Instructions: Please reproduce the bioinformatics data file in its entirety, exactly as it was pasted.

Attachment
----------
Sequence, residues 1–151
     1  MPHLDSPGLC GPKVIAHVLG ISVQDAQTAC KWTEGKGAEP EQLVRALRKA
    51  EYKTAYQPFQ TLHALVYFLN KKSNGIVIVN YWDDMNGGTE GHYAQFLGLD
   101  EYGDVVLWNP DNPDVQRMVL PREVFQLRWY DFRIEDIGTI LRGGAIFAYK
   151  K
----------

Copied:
Sequence, residues 1–151
     1  MPHLDSPGLC GPKVIAHVLG ISVQDAQTAC KWTEGKGAEP EQLVRALRKA
    51  EYKTAYQPFQ TLHALVYFLN KKSNGIVIVN YWDDMNGGTE GHYAQFLGLD
   101  EYGDVVLWNP DNPDVQRMVL PREVFQLRWY DFRIEDIGTI LRGGAIFAYK
   151  K